Q: I reviewed your column dated December 9, 2012 (“Associations Can Run Afoul of Copyright Protections”). I find it hard to believe that if my association buys a DVD that it does not become our property, to show to whom we please.
– D.V. (via e-mail)
A: The fundamental question is whether the display of copyrighted materials by a community association constitutes a “public performance” of the copyrighted material. The law defines “public performance” to include “any place where a substantial number of persons outside of a normal circle of a family and its social acquaintances is gathered.” In the case of Hinton v. Mainlands of Tamarac, a 1985 federal court case, the court considered whether a dance held by a condominium association constituted a “public performance”, thus protecting copyrights on the music played at the dance. The association argued that the clubhouse, where the dance was held, was an extension of the residences’ living room and therefore fell within the “family” exception to the law. The court gave this argument short shrift because this association charged an admission fee of $3, and members of the general public were permitted to attend the dances.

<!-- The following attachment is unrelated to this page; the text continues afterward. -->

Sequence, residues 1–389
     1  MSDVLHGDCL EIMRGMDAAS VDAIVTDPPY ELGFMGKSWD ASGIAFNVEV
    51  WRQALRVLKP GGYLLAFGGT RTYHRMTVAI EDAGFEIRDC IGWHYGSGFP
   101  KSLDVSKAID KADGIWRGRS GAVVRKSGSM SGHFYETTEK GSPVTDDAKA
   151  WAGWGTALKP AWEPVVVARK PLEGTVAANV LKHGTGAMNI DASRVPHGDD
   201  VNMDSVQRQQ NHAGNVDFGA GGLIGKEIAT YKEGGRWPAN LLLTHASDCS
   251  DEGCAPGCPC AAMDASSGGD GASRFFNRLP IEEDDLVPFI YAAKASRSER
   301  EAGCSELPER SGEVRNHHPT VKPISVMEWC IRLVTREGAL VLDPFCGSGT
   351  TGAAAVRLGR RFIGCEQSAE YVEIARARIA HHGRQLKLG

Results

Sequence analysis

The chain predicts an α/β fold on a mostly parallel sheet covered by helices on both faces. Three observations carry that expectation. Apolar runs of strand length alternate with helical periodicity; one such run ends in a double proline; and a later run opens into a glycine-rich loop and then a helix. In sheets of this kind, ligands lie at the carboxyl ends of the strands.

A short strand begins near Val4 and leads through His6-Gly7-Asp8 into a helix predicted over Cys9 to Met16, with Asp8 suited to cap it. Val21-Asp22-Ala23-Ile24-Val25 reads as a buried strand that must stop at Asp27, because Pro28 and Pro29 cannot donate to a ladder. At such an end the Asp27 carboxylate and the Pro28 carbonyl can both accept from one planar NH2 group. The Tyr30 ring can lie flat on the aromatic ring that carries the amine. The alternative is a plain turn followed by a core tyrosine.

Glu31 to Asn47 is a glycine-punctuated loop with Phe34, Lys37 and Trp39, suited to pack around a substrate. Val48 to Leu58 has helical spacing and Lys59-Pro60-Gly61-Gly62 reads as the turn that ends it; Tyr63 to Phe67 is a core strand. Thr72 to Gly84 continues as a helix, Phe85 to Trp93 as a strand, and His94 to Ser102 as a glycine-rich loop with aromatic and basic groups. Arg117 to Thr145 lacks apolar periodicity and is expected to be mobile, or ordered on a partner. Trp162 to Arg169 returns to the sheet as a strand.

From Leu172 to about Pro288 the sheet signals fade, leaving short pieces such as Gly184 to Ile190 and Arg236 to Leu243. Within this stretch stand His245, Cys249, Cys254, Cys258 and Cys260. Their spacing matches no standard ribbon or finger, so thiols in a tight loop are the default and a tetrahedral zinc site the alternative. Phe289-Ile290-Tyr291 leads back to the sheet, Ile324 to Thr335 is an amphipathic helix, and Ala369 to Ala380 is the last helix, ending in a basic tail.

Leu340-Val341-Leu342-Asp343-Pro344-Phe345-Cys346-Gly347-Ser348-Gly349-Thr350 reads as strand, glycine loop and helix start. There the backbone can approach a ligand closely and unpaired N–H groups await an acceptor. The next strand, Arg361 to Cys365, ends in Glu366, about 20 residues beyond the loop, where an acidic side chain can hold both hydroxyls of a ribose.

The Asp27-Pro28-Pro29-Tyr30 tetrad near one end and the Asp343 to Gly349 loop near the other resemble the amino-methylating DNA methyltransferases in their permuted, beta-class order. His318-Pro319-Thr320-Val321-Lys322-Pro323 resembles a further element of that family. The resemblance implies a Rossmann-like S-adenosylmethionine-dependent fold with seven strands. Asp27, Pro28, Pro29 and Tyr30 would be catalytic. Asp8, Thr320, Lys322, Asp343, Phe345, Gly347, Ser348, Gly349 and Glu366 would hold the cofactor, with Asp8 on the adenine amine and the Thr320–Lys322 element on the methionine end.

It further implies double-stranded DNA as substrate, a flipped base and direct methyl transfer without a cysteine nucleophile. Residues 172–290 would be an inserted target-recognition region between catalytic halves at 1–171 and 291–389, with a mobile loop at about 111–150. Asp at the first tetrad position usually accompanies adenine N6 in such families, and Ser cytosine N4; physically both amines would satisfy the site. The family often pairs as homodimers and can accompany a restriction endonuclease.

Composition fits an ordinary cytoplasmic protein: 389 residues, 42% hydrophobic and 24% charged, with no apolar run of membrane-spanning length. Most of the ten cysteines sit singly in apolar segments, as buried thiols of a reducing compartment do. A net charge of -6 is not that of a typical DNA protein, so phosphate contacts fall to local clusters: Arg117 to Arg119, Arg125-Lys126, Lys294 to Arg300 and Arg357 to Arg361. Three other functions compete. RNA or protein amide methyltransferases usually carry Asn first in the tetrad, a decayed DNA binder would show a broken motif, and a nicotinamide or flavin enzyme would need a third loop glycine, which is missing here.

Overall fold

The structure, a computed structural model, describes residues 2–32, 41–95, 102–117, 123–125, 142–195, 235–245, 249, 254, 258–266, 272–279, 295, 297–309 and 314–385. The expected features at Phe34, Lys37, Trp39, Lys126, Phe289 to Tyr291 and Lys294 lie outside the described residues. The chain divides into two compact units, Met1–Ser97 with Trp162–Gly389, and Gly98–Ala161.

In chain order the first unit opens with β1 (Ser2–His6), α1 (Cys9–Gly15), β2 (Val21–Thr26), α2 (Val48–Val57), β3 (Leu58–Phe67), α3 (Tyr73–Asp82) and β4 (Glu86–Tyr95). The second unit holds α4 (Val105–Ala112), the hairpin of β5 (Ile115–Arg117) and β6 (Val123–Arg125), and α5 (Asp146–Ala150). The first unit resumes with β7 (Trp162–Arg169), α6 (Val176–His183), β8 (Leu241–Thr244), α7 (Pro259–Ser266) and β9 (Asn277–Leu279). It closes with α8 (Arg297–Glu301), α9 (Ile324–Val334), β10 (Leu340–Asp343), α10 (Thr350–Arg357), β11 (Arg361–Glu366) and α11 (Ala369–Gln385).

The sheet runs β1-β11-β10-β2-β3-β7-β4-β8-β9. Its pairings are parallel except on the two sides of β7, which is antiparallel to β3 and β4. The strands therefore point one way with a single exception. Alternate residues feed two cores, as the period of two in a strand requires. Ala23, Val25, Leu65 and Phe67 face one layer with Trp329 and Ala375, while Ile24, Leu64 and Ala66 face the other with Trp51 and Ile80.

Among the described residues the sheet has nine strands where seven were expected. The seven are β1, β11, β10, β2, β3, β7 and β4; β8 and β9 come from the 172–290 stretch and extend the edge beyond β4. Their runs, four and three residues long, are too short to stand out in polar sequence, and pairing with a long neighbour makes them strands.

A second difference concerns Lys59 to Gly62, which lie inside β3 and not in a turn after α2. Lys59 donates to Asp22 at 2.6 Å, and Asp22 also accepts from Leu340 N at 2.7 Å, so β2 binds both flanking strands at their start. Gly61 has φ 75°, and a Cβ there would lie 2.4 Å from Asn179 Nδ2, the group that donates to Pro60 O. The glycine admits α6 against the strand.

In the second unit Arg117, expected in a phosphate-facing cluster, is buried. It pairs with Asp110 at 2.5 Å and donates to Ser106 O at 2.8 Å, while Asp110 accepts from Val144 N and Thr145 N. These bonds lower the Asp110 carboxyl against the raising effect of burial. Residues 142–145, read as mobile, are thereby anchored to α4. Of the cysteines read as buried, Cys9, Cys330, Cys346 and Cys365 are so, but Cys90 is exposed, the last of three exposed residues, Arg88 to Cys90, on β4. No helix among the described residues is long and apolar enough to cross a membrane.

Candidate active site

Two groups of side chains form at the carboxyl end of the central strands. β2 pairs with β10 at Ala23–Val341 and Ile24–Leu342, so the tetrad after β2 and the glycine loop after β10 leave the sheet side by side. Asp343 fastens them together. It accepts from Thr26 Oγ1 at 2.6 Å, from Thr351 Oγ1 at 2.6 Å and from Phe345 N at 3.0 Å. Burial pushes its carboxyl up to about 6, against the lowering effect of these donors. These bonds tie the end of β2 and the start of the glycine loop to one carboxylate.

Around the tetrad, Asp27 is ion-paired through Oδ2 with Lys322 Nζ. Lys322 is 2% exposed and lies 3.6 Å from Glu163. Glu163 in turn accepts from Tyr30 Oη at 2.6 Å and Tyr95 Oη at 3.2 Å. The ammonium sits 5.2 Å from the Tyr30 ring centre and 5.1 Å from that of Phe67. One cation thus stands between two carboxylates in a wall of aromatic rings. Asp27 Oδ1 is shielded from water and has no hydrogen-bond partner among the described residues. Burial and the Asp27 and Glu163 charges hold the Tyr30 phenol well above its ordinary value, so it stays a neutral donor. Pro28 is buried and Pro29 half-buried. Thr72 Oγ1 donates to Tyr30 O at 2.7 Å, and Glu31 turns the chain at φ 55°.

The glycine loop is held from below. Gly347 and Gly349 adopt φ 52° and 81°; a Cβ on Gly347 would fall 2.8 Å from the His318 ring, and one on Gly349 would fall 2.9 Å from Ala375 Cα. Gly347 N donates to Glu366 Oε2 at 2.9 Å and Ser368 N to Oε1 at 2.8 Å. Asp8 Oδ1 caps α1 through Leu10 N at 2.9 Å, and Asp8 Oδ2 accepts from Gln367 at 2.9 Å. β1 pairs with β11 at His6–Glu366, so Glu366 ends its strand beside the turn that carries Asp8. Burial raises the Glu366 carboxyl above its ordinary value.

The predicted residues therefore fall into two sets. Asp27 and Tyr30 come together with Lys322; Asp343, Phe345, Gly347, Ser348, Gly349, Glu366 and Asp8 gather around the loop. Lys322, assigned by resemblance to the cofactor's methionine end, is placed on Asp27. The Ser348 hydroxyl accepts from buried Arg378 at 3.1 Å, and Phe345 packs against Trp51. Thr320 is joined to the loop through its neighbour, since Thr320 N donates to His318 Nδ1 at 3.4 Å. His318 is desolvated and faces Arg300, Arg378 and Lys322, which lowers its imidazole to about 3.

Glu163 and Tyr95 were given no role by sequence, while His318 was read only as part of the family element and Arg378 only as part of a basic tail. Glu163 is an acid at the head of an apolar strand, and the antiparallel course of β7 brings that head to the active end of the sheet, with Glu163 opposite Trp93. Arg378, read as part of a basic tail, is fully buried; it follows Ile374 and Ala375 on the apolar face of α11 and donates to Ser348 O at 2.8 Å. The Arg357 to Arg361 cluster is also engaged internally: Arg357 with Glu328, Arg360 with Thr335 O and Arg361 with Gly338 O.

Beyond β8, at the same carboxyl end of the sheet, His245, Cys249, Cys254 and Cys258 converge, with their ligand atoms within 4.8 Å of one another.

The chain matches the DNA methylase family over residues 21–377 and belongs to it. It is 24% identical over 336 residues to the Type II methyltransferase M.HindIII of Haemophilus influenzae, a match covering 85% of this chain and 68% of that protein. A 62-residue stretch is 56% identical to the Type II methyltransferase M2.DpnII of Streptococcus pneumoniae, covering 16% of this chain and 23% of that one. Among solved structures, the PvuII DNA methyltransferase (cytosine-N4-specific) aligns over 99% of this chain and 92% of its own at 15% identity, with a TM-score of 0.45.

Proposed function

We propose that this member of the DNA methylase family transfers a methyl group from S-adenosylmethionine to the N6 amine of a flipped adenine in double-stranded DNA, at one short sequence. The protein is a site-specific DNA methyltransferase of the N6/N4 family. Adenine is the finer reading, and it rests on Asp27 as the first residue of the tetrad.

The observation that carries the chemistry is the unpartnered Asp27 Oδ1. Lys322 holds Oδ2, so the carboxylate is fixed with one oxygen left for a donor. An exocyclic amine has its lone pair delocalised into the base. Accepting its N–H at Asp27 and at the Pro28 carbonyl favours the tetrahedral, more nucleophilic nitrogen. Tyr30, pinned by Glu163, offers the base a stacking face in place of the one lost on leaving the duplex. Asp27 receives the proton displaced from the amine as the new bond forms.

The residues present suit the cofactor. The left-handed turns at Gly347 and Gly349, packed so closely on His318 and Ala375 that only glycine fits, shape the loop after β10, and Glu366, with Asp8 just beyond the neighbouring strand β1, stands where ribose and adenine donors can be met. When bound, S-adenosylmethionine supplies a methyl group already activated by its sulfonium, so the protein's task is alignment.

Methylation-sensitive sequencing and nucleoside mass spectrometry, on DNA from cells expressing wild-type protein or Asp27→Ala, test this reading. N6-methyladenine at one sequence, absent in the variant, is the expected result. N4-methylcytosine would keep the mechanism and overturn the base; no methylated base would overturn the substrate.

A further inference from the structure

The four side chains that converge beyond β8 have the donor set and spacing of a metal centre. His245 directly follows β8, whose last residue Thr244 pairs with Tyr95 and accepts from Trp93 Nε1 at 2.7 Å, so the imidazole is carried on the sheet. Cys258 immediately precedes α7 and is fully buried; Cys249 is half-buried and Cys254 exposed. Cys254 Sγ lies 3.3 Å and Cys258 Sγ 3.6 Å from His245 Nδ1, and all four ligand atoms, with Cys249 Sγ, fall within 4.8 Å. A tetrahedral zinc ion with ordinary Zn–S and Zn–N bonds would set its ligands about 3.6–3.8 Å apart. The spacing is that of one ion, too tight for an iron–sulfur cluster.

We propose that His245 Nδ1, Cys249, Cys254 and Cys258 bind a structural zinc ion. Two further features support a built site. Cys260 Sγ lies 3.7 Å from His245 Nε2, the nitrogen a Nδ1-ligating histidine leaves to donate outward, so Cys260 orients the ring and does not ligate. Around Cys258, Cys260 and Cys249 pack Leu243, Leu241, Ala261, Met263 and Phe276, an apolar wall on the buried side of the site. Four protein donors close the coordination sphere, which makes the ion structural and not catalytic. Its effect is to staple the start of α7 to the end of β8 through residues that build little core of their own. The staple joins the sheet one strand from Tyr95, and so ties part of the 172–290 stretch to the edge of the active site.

While there is language in the Mainlands case that suggests that a performance limited to condominium residents, with no admission fee, might not be considered “public”, there is no court holding that I have been able to locate directly on point.
While arguments can perhaps be made on both sides, and the facts surrounding any particular inquiry will be key, a cautious approach is in order. I certainly would recommend that any association wishing to display or permit the display of copyrighted materials consult with legal counsel, as the consequences for copyright infringements can be substantial.
Joe Adams is an attorney with Becker & Poliakoff, Fort Myers.